Bioshock is a first-person shooter game that came out in 2007. It’s takes the player into the underwater city of Rapture built by Andrew Ryan, who has the dream of creating a utopia away from land that isn’t ruled by government, religion, and ethics. This utopia, like any other story, quickly becomes a dystopian society. The player comes to rapture after a plane crash in the middle of the ocean and the first thing you encounter to is the same speech that everyone who came to rapture listens too. This speech is what I will be laying out in this blog of how it is a great example of Neo-Aristotelian.
The Rhetorical Situation: We first need to figure out a couple of things before we dive into Ryan’s speech and how he persuades people to live in his city. One, who is the speaker? The Speaker is the Businessman Andrew Ryan the man who created the city. Two, who is the audience? That would be the player in the game, and is also the citizen who now populate Rapture. Third, why does the speech begin given and what is the exigence of it? The speech is begin given to persuades like-minded people that they are begin held back by government, religion, and ethics. In this speech, Ryan has acknowledged that people are begin held back and have already taken action to fix it by creating Rapture, he just needs to persuade them to come. The Fourth, what are the constraints? Ryan’s obstacles are people who aren’t like-minded to him.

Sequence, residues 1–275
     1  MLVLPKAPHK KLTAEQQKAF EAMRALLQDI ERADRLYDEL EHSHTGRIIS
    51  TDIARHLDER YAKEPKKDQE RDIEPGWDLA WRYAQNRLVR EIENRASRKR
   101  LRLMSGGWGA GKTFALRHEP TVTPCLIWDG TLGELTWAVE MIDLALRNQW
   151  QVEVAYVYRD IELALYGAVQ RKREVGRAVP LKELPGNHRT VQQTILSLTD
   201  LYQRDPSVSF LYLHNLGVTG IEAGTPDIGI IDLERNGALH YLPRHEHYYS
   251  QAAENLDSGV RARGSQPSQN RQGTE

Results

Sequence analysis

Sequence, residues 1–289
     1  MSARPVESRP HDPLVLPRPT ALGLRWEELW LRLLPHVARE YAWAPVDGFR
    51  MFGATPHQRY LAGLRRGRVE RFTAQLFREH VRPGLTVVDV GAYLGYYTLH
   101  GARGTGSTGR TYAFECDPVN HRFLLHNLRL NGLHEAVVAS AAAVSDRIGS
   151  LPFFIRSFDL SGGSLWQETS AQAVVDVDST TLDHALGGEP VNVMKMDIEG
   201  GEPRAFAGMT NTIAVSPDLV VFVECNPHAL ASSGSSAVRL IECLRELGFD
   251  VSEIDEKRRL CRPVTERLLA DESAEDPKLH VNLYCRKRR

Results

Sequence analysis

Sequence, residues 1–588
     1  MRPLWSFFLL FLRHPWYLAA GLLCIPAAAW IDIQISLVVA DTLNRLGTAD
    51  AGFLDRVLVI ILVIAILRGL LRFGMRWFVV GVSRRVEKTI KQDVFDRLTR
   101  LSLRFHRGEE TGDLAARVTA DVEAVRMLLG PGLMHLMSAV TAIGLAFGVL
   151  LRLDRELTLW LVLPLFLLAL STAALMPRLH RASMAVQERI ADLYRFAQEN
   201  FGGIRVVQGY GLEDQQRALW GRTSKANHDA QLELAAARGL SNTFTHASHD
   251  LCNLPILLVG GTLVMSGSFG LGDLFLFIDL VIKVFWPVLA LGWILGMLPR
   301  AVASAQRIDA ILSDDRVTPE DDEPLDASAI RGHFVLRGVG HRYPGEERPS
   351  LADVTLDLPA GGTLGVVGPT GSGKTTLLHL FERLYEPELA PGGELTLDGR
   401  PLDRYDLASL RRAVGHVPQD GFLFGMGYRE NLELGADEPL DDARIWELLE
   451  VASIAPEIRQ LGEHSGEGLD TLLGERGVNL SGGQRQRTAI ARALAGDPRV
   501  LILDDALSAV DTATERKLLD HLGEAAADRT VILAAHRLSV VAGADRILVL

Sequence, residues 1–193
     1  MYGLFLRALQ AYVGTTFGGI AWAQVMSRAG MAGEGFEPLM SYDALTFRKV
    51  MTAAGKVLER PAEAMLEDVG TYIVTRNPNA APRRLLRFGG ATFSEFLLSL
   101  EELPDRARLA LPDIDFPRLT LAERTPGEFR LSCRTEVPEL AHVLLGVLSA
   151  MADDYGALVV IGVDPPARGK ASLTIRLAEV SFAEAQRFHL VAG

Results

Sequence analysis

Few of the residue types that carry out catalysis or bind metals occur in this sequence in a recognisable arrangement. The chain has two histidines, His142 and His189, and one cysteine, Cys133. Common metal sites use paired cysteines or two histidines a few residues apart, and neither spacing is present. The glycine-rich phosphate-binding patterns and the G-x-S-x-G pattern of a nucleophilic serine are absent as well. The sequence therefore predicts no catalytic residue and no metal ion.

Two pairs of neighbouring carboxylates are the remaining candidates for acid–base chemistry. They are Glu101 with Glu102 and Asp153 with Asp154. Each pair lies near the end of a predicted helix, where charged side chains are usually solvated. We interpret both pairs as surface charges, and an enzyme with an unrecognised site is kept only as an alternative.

Now knowing what the Situation is let’s break it down on how Ryan’s speech is successful by breaking it down to the five canons. First invention. Ryan is asking the audience, “Is a man not entitled to the sweat of his brow?” he then answers it three times back-to-back that you aren’t entitled to it, but someone else is. He then explained how he has fixed the issue by showing the audience Rapture and right after that gives a couple of examples of people who can live there with no fear of oppression. He uses artistic proofs to support his claim. He makes the audience question why their hard work is going to someone else and not to them. Then he shows his creditability by showing you Rapture, that his dream is a reality and you too can join him. Second, his arrangement the way he structures his speech. He first introduces himself and then ask the question followed by his answers before he gives his solution to the problem. He takes a moment before giving his answer. Then he continues by giving a couple of examples. He cuts it into three parts, first being question, second being the answer, and third begin examples.
Screenshot from Bioshock, 2007
Third his style. It one of charisma and dramatic. He keeps his voice in the same tone, but puts emphasis on a couple of words like every time he says, “No” and “Impossible”, and “Rapture” to capitalize on those words to persuade people that his idea is the city. Fourth is it memorable. During his speech, he shows the audience visuals of the problems, before he goes on to show us Rapture and when he says each one an image is there to have word association with image. And the Fifth, Delivery: Even though he isn’t present, his voice carries the speech well making his points on the problem and the solution, without raising his tone makes him seems calm, but he knows when to emphasize certain words to reinforce his ideas and taking pauses to add suspense to his next word. Also showing you thought images and showing the city itself when he says it in his speech helps drive home his idea.
The overall effect and implications of Ryan’s speech is right away he has people coming to live in this city that he created on the ideas in his speech. The long-term affect of it is really easy to know because the player shows up after the rapture has turn dystopian. That his idea of not being held down by government, religion, and ethics is the sole thing that destroys the city
Source: Bioshock. Irrational Games. 2K Games, 2007.